WASHINGTON COUNTY – The Washington County School District’s Advanced Placement courses were recently recognized in “College Board’s 5th Annual AP Honor Roll.” 547 school districts throughout the United States and Canada were included on the list which analyzed three years of data from Advanced Placement courses and exams from 2012-2014 – only four districts from Utah were recognized.
According to the Honor Roll released by College Board, the 547 school districts recognized “simultaneously achieved increase in access to Advanced Placement courses for a broader number of students and also maintained or improved the rate at which their AP students earned scores of 3 or higher on an AP Exam.”
The data was analyzed on the following criteria:
- The district had increased participation/access to AP by at least 4 percent in large districts, at least 6 percent in medium districts, and at least 11 percent in small districts
- The district increased or maintained the percentage of exams taken by African America, Hispanic/Latino, and American Indian/Alaska Native students
- The district improved performance levels when comparing the percentage of students in 2014 scoring a 3 or higher to those in 2012, unless the district has already attained a performance level at which 70 percent of its AP students are scoring a 3 or higher
Advanced Placement courses are college-level classes offered in a variety of subjects that students can take while they are still in high school, according to College Board’s Web page. The course work is more challenging than a typical high school class and often gives students a glimpse of what a college class is like.
Additionally, students enrolled in Advanced Placement courses have the option to take an AP Exam. Students who pass their exam with a score of 3 or higher are eligible to receive college credit in that course subject.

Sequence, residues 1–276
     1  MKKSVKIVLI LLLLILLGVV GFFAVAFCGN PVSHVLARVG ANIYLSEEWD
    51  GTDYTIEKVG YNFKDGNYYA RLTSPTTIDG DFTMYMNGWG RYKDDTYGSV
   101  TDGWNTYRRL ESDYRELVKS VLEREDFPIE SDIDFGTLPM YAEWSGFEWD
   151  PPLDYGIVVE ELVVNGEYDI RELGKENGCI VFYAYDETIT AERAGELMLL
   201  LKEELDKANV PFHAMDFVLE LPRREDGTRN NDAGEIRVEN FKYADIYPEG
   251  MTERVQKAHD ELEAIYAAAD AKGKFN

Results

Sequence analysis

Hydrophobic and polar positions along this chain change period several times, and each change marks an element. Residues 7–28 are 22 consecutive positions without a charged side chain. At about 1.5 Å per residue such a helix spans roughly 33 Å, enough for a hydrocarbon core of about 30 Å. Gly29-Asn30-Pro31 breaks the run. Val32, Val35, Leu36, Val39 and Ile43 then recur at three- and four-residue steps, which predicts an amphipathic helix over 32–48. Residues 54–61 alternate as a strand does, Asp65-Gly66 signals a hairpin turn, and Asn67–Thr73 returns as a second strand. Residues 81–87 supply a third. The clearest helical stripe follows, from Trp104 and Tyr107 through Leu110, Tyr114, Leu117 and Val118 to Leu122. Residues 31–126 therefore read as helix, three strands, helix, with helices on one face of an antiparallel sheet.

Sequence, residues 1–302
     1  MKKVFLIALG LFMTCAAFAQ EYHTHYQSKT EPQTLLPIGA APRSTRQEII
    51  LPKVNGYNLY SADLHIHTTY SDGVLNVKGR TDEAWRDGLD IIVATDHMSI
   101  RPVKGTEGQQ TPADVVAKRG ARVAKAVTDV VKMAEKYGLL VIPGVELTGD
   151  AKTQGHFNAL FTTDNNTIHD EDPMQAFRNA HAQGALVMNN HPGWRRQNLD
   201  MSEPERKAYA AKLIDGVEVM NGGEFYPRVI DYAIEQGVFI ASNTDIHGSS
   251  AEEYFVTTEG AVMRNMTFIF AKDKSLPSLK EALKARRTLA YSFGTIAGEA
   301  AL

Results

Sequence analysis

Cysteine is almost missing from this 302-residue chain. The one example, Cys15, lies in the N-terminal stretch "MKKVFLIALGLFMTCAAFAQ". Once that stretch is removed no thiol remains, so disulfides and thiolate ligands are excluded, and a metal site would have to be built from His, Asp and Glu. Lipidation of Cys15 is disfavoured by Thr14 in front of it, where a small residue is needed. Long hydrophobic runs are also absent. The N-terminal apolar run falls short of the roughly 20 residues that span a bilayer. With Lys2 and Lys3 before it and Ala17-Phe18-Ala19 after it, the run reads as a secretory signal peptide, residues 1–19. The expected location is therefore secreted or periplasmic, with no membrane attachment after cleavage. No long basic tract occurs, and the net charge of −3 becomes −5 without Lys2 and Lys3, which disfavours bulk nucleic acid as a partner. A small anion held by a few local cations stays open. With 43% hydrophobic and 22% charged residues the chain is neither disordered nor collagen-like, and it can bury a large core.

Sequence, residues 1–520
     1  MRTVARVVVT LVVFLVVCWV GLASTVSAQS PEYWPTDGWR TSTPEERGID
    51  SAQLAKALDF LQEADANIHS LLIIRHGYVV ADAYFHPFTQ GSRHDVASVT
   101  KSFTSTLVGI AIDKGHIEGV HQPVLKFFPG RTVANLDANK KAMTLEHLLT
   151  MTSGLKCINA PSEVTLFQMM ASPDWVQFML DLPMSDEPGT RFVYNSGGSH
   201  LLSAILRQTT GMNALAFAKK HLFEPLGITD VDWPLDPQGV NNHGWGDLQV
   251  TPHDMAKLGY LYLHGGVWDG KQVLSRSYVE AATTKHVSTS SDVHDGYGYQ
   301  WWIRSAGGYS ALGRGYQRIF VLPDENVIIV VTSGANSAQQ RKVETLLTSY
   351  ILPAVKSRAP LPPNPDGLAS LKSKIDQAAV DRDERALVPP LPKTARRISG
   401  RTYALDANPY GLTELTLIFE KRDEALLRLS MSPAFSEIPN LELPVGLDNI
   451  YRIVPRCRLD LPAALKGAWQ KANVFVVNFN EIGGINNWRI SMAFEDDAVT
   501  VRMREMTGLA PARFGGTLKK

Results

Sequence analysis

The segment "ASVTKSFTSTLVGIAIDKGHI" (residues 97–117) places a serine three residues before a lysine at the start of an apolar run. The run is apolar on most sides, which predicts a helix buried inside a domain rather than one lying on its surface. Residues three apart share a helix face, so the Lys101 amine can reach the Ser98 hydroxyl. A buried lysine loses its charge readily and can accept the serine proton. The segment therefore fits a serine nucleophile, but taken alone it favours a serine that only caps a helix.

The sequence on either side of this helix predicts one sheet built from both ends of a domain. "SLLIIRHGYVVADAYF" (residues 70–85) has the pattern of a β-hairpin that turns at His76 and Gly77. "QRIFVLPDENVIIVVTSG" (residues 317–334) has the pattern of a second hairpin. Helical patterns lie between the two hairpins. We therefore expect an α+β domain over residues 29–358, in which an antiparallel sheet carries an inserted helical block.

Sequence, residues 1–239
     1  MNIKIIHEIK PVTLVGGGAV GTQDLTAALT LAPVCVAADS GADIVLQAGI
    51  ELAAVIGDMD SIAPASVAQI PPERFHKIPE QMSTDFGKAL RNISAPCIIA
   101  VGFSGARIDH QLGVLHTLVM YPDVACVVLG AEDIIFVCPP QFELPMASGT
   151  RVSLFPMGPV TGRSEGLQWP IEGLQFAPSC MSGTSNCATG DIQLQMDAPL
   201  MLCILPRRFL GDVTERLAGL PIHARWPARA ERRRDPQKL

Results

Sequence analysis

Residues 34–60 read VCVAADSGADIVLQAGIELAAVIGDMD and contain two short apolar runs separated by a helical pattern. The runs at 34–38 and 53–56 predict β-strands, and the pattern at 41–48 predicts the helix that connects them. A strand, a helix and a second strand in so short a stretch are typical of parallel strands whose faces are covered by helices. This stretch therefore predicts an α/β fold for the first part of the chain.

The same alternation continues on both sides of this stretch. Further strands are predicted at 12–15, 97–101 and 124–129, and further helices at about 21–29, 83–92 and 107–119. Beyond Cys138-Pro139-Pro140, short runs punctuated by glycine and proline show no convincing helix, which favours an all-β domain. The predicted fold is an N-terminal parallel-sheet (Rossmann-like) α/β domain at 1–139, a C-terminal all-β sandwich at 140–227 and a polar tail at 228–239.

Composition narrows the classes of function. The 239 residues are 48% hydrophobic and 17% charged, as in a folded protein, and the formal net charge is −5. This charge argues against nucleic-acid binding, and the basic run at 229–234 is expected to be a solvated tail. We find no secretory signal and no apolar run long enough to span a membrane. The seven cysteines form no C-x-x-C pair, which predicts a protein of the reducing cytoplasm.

High schools in Washington County School District offer AP courses in 13 different subjects, Director of Assessment and Research Brad Ferguson said, with the most popular subjects being English, U.S. history, calculus, government and psychology.
The district currently has approximately 800 students enrolled in at least one AP course, with many taking several, Ferguson said.
But those high numbers were not always the case.
“A few years ago we sort of stalled,” Ferguson said. “Students weren’t interested in taking AP classes so we changed our thinking. We looked at how students were invited to take AP courses.”
Previously, students wishing to take an Advanced Placement class had to take certain prerequisites and get a teacher to sign off before they were allowed to enroll, but changes in district policy have now opened the doors for any student who feels he or she is up to the challenge, Ferguson said.
“If a student steps up and says they want the AP experience,” Ferguson said, “we take them at their word. If they want to be there, they are in.”
Schools work with students through the AP courses and, should a student feel like it is not right for them, they help put them in another class, Ferguson said, adding that most students find it to be a good experience regardless of whether they get the credit or not.
Being included on College Board’s Honor Roll was not something the district had set out to do, Ferguson said, but they are happy with the accomplishment nonetheless.
“I honestly didn’t know anything about it,” Ferguson said. “We were sent a letter indicating that we had met the requirements including more diversity in the AP classrooms and a high rate of passing (the AP Exam). It just sort of happened but we did it and we are proud of it.”
- View the full Honor Roll
- District turns up college prep heat in response to ACT scores
- Office of Education releases SAGE test results
- Gov. Herbert releases results of legal review of Utah’s Common Core Standards
- On uncommon ground; common core in Washington County School District
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